Attorney General Eric Holder signed off on a controversial search warrant that identified Fox News reporter James Rosen as a “possible co-conspirator” in violations of the Espionage Act and authorized seizure of his private emails, a law enforcement official told NBC News on Thursday... The law enforcement official said Holder's approval of the Rosen search, in the spring of 2010, came after senior Justice officials concluded there was "probable cause" that Rosen's communications with his source, identified as intelligence analyst Stephen Kim, met the legal burden for such searches. "It was approved at the highest levels-- and I mean the highest," said the law enforcement official.
I spot a tiny problem here. Holder signs off on the Rosen warrant. He recuses himself, but has no stated problem, with the warrants for AP phone records. Since when does he "share a concern" about these sorts of dragnets that pull in the communications of journalists? I was a little remiss earlier in only naming four Obama punts of responsibility to the Congress. Asking for a shield law is a punt, too. What's preventing the administration from asking an IG to look into the DOJ's practices -- I mean, besides the likelihood of returning a pile of redactions?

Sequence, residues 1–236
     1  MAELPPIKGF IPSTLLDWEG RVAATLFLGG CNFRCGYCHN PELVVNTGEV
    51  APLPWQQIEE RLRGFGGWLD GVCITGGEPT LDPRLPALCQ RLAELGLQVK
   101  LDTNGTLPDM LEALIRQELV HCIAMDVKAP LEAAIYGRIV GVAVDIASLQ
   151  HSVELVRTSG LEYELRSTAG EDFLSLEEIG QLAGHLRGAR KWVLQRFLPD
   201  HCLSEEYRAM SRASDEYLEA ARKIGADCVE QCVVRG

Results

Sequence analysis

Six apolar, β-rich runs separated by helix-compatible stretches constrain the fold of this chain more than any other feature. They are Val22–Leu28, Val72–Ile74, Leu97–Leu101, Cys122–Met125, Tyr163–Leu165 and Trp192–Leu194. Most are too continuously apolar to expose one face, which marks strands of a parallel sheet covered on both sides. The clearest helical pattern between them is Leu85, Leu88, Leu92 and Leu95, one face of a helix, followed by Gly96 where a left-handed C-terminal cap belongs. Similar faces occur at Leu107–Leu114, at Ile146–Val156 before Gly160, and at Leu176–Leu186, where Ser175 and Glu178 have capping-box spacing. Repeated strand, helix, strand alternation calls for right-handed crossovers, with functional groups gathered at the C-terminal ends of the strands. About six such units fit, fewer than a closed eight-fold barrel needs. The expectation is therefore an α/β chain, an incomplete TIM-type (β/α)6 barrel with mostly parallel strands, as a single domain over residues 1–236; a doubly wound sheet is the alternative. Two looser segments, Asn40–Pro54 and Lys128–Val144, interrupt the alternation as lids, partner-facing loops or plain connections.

The story's elevated by the play HuffPost is giving it.
Read the subheds, conservatives -- the liberal beef with Holder pre-dates this story by roughly four years. But HuffPost had some luck in its frontpage-shaming of Democrats who didn't endorse gay marriage, didn't it?
Posted Thursday, May 23, 2013, at 4:14 PM
Eric Cantor heads onto CNBC and gets a friendly quiz about the IRS story. Is he on board with the White House's version of events? No, he is not.